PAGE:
Although we find floods and disasters sad and sometimes overwhelming, they can and are used when telling the history and the fiction that comes from history. I myself have experienced flooding both where I live in Colorado and growing up in the mid-west and the Mighty Mississippi's floods. They are terrifying and awe-inspiring at the same time. I hope most never have to experience their power, but they were and are part of the lives of people. I still remember Louis L'Amour's story "Matagorda" and his use of the hurricane that hit that area as the 'character' that overarched the whole story.

The USGS had a publication from 1948 that talks about early floods that had been reported in this state. USGS publication

If you haven't picked up your copy of the latest collection "Hot Western Nights" from Prairie Rose Publications, don't delay.

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Doris Gardner-McCraw -
Author, Speaker, Historian-specializing in
Colorado and Women's History
Angela Raines - author: Where Love & History Meet
For a list of Angela Raines Books: Here 
Photo and Poem: Click Here 


  1. Thanks for the informative post. I love reading old newspaper articles. The wording is often as interesting as the subject the reporter was writing about.

    1. I agree with you on old newspaper language. It can be so 'descriptive to say the least.

      I am glad you enjoyed the post Ann. Doris

  2. The wording is even more interesting, unfortunately, because apparently the author of this article READ ALOUD the parts of the old newspaper articles she wanted, producing some really bad mistakes on the part of her speech recognition software, and then no one proofread it. Two examples: Onward it came, growing fiercer, and louder, and more resist lust. Thousands of people hurried to the scene and gazed with all and terror at the raging element.

    1. Most of it was proofread, and some of the language was strange. Mistakes happen and thank you for taking the time to respond.

  3. We had a massive flooding here, I think in 1995, with astronomical losses in the millions. Since then some barriers have been erected, but so far have not had to be tested. Our river curves right through the city and when there's flooding, the old parts of the city get soaked. Luckily, our house is up on the bluffs and far enough from the edge not to be in danger from flooding. I just have to watch the sky when the wind whips up and starts churning those clouds. I enjoyed this post, including all newspaper excerpts which makes reading old newspapers so interesting. You always post interesting articles, Doris.

    1. Thank you again for your kind words Elizabeth. Floods and water in general can be so destructive, yet calming and beautiful. I sincerely hope your area never has to test those barriers. Doris

  4. Doris,

    Floods are fearsome forces for sure. In June of 1965, the South Platte River in Colorado flooded. I was ten years old. We lived in the country on the opposite side of the river from Fort Morgan. We were cut off for what seemed like months in my kid's viewpoint, but it was really only a couple of weeks. Plus, we weren't actually stranded as we could make the 60 miles and more trip to towns on our side of the river for supplies. (Greeley, New Raymer, Sterling) Our ranch land on the south reached the railroad tracks which ran along the river. My grandpa had a fresh water spring with a Ram pump on it. This supplied many of our neighbors with water while the electricity was out. My most vivid memory was how dirty the the flood water was--brown foam, snakes, debris... Such awful devastation. The historic Rainbow Bridge in Ft. Morgan survived without too much damage.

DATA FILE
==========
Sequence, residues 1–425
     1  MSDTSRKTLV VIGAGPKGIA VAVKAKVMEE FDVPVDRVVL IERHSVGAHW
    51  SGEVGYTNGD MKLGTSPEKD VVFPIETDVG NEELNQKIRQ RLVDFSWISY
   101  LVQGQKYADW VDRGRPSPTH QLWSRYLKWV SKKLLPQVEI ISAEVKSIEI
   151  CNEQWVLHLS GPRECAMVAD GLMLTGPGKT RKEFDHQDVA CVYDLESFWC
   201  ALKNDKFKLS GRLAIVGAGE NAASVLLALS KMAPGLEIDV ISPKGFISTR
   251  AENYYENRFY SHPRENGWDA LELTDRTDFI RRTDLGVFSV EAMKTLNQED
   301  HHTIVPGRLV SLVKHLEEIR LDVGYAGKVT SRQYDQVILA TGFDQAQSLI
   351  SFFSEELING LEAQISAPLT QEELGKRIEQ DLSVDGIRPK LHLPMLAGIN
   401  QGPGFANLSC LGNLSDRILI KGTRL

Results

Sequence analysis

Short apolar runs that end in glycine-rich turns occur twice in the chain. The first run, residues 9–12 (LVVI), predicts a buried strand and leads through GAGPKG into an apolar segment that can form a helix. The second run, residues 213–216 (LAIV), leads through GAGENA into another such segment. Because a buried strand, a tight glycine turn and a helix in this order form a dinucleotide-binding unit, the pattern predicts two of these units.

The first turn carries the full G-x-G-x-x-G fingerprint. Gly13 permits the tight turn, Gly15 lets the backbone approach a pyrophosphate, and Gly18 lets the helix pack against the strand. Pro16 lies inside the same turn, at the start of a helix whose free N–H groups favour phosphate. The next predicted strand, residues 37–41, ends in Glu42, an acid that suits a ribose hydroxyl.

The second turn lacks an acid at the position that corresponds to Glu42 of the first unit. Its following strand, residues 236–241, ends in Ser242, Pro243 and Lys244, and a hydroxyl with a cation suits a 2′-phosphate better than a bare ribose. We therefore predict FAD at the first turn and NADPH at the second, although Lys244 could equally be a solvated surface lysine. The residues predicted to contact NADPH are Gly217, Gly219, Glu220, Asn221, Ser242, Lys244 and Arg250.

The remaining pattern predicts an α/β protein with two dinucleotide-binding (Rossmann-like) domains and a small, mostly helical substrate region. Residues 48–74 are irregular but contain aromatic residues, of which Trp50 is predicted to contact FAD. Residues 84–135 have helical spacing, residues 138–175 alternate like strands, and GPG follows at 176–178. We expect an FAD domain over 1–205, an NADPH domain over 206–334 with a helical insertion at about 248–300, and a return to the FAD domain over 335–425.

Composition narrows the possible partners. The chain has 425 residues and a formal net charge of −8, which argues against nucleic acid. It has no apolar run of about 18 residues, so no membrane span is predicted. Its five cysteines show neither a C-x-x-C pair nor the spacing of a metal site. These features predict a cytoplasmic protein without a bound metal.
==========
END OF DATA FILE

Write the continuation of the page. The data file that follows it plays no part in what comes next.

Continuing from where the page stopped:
It's been a long time since I've read Matagorda...will revisit. Thanks for the memory-jog. :-)

    1. Kaye, floods are fearsome, I agree. What memories you have of that time. Thank goodness your grandfather had water for others. That is always one problem with floods, all that water and nothing to drink.

      Hope you enjoy Matagorda again. I remember thinking how the weather played such a part in that story. *smile* Doris

  5. Thanks for sharing this. All these stories help me build up visions of local events, and of the strength and determination of the people who built their lives in such unforgiving territory.

    1. You are welcome. Like you, I use events from the past to help inform the stories I tell. I am constantly amazed at the human spirit. Doris

  6. Another brick in the wall.

  7. Yikes, I'm really late! When I read these actual news reports of floods and how some of them grew from tiny trickles to mammoth roaring terror I was shocked. I didn't consider the loss of hay or animals some farmers suffered. How do people manage to make it after all these floods?
    While some areas of Charlotte are more prone to flooding than others, it's not on the scale of floods in the Midwest. Most floods in North and South Carolina occur with hurricanes in more costal areas. But Midwest floods as noted in these articles takes away livelihoods along with people.
    "Where Love and History Meet" is going to be a wonderful story to read. I have this anthology, but I haven't begun reading it yet. I'm glad to know this history behind the story before I do read it.
    All the best to you, Doris. I wish you and all the authors in this anthology the very best.

    1. Sarah, Colorado has always been prone to flash floods, and growing up along the Mississippi didn't prepare me for what can happen here. It makes for fodder for future stories.

      Hope you enjoy the anthology. Doris